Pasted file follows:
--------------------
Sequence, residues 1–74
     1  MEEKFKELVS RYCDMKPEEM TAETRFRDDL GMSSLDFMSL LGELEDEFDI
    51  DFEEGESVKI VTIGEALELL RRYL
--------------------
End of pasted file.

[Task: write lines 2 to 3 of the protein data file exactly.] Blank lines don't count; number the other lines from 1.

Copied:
     1  MEEKFKELVS RYCDMKPEEM TAETRFRDDL GMSSLDFMSL LGELEDEFDI
    51  DFEEGESVKI VTIGEALELL RRYL